This picture taken on Aug 21, 2021 shows workers walking along George Street in Sydney. (DAVID GRAY / AFP)
CANBERRA – The Australian government has been urged to make sweeping changes to the country's migration system.
In a submission to a parliamentary inquiry into the migration system, leading think tank the Grattan Institute warned current visa requirements are making Australia less attractive to young talented workers.
It recommends abolishing programs that favor older migrants and urges the government to target the "best and brightest."
The report calls for all temporary migrants earning more than 85,000 Australian dollars (about $58,000) per year to be eligible to stay in Australia permanently, arguing it would help attract migrants with valuable skills
According to the report, only one quarter of permanent visas issued over the last decade assessed applicants' skills. Another third of visas went to the families of those migrants.
It calls for all temporary migrants earning more than 85,000 Australian dollars (about $58,000) per year to be eligible to stay in Australia permanently, arguing it would help attract migrants with valuable skills and boost government budgets by 125 billion Australian dollars ($85 billion) over the next three decades.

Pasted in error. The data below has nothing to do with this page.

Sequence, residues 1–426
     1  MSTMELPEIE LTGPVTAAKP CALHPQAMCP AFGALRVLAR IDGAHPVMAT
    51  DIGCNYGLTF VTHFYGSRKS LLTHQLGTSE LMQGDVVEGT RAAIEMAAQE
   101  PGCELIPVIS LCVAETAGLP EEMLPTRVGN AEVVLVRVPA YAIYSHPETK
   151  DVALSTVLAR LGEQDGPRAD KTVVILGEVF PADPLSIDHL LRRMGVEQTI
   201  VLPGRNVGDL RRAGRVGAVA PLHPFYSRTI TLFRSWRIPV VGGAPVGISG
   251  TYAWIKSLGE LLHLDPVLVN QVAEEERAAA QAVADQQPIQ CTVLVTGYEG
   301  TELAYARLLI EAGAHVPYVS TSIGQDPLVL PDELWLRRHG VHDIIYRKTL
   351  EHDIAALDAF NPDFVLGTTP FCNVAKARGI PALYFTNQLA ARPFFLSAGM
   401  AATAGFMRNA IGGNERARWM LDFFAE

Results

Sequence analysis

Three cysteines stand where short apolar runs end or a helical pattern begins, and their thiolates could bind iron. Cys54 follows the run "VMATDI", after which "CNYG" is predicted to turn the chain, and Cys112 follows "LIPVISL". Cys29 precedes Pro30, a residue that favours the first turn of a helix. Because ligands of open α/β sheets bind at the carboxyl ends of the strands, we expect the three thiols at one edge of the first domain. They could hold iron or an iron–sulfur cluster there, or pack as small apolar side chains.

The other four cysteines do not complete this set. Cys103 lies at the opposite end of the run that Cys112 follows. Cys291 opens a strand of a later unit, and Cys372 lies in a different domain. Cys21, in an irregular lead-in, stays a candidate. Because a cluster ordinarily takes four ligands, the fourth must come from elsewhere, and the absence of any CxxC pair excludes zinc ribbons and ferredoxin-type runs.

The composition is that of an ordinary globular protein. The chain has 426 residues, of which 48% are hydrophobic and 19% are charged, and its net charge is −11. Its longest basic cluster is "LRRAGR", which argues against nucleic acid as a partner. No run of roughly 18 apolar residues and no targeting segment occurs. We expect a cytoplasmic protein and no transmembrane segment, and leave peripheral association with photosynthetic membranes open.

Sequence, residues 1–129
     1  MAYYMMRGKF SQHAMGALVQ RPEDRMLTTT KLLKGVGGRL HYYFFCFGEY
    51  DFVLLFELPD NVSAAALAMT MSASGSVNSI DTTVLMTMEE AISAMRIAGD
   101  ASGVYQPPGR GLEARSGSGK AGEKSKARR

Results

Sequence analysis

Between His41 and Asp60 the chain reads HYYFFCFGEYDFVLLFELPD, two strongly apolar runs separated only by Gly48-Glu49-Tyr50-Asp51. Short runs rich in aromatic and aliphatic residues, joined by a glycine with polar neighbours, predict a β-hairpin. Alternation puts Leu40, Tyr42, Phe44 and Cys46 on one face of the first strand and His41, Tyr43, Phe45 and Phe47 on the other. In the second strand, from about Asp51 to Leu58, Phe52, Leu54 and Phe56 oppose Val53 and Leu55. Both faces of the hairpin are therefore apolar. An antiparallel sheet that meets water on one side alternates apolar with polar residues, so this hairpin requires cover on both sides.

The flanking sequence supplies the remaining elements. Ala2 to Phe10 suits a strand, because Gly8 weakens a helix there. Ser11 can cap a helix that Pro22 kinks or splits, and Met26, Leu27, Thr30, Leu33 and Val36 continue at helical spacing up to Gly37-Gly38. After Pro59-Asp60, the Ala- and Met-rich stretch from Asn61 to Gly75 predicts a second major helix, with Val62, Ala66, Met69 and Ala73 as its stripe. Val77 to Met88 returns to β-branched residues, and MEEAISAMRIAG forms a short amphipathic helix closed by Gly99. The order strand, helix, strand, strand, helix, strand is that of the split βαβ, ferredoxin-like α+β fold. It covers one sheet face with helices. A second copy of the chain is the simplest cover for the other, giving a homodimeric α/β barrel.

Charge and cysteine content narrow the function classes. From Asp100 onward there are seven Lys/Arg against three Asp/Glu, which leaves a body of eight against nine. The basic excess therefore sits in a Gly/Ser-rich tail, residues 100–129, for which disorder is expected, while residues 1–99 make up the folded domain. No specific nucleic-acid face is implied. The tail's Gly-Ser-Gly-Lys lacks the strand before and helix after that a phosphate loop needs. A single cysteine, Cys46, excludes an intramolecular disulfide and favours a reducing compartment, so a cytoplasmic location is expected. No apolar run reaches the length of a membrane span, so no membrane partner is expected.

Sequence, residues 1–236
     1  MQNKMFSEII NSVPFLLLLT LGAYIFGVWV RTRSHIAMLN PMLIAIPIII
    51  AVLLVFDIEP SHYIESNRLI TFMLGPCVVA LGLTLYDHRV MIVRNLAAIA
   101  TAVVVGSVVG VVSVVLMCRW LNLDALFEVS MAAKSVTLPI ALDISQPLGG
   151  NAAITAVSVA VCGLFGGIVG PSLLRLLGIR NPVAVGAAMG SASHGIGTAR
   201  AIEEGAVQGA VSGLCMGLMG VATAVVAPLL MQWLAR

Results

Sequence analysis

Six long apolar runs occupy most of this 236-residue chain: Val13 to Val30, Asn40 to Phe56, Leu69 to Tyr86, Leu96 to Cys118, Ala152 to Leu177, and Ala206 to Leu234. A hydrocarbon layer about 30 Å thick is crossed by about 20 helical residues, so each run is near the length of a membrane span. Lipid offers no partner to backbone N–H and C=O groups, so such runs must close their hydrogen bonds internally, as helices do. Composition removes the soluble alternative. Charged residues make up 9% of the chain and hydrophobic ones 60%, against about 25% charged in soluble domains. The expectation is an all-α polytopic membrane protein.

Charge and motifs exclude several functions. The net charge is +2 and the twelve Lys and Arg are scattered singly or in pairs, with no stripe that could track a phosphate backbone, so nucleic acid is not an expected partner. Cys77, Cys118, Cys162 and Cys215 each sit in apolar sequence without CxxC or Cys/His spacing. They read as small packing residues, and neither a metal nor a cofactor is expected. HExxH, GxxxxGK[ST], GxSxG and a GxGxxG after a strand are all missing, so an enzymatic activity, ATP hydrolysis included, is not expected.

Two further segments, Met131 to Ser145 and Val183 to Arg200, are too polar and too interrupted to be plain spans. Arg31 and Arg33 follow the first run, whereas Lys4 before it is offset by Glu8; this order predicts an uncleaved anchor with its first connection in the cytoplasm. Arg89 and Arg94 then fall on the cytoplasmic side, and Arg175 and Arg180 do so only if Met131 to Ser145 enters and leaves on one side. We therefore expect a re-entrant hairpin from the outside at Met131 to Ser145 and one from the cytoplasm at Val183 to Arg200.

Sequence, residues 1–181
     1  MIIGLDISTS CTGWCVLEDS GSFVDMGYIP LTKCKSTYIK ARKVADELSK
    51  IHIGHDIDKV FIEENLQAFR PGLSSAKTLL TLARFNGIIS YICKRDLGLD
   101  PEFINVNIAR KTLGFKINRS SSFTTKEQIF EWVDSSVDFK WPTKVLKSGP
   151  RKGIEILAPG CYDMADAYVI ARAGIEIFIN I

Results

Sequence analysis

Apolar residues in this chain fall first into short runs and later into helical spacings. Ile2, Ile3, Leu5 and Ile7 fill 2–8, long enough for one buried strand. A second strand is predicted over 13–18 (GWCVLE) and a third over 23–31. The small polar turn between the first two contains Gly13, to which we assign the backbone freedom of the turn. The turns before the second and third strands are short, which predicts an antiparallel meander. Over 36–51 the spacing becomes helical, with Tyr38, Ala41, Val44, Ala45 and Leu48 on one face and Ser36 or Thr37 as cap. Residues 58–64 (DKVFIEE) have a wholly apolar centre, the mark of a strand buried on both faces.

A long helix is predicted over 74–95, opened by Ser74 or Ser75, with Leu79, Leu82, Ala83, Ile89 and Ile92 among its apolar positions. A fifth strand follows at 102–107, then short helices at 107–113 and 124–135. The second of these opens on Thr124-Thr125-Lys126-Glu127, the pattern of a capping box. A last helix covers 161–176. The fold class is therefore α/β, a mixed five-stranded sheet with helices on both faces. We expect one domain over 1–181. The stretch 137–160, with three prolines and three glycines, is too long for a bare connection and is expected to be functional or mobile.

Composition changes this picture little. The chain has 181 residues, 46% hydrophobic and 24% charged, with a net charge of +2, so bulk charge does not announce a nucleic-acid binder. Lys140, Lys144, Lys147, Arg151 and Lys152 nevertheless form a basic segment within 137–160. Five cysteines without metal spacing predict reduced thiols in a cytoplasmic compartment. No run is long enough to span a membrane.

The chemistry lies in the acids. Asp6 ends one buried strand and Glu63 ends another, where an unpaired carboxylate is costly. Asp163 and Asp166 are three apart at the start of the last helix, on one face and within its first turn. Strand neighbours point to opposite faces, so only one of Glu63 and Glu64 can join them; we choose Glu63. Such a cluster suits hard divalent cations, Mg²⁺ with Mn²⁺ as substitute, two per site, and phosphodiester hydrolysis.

"Temporary skilled migration helps fill shortages, but also provides much of the applicant pool for permanent skilled migration, so should also target high-skilled migrants," the report said.
"A less prescriptive visa system that helps attract the world's best and brightest is the key to strengthening our sovereign capabilities in areas like cyber security."
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The institute warned strongly against expanding low-skilled temporary migration in a bid to fill worker shortages.
In September the federal government announced it has increased the number of permanent migration visas available annually from 160,000 to 195,000.
It expects migration to play a key role in its pledge to have a registered care nurse in every aged care center at all times by mid-2023.
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However, Grattan said that relying on migrants could undercut the wages of low-paid Australians and further increase exploitation.